RADIO DJ Grant Stott has given his backing to a charity that helps parents cope with their baby’s death by signing up as its new patron.
SiMBA, which was formed in 2005, has expanded to provide its support at 16 maternity units across Scotland – including St John’s in Livingston and Edinburgh Royal Infirmary – to help mothers and fathers deal with their grief.
Today, the charity also unveiled a fresh board of trustees at Prestonfield Hotel as founder Sara Fitzsimmons, from Dunbar, revealed plans to further aid parents dealing with tragedy during pregnancy or shortly after childbirth.
Forth One presenter Mr Stott said he was “honoured” to take on the patron role.
The organisation, which already provides parents with memory boxes, a private birthing and grieving room at hospitals and a chance to create a special engraving on a memory tree, aims to offer more bereavement services than ever before.
Sara, 41, who has worked as a midwife for more than 16 years, explained: “At the start we were really small but we’re a national charity now, and we felt it was time to introduce new people and allow those already involved to get to know each other.
“Because we’ve got bigger, we needed more hands on board, so we’ve welcomed new trustees Dian Ward, Lothian Branch UNISON rep Tam Waterson and Tracy Drever.
“We hounded and hounded Grant Stott and he kindly offered to be our patron.
“We set up the charity to help families in any way possible during such a difficult time.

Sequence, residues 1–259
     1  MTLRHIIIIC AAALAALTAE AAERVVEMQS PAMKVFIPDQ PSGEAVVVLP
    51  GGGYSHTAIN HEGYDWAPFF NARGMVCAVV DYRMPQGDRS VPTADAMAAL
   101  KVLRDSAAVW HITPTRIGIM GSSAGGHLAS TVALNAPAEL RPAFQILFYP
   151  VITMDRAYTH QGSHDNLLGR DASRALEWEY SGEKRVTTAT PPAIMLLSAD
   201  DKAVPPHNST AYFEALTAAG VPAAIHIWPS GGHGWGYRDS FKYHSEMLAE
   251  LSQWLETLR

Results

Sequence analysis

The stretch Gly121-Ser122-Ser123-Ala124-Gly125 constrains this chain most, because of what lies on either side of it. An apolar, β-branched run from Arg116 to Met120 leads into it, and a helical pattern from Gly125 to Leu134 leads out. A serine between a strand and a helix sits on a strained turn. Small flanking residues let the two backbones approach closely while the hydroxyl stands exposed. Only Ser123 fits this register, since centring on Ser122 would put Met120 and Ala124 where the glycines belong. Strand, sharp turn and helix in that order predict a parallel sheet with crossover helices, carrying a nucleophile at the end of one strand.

“As a midwife I have seen many, many people who have needed support at the loss of a baby. My grandmother lost twins and she never recovered.
“There was no memory box, and she was affected for the rest of her life. She got no recognition, and she didn’t think it was OK for her to talk about what happened.
“You find people never talk about the baby after something like that, but that is what people need.”
She added: “We fill the memory box with the blanket put with the baby when born, foot and hand prints and their nameband.
“We have established family rooms for parents and we have a tree of tranquility, which allows parents to add leaves – little copper engravings – to remember their child by.
“We plan to expand further and target smaller units in the near future.”
Grant Stott said: “I met Sara and the girls a number of years ago when they were starting up. In effect, what they do is so simple, but it makes such a difference to the parents they help.
“It is such a sensitive and effective way of dealing with the healing process. They do all the hard work, but I was honoured to be asked to be patron.”
Find out more about the charity at www.simbacharity.org.uk
‘I was given a memory’
Salon owner Dian Ward, 37, lives in Corstorphine with her husband Barry, 38, and two children Abbie, eight, and Daniel, three.
Dian says: “I had a little boy, Thomas, who died at 22 weeks. I was in St John’s for six weeks as I was bleeding every day and they told me one Friday that he wouldn’t make it. They induced the birth and he was born on March 14, 2007.
“SiMBA provided me with a memory box and I had Thomas in a family room.
“My son, Daniel, was my tenth pregnancy and we are so glad to have two wonderful kids.”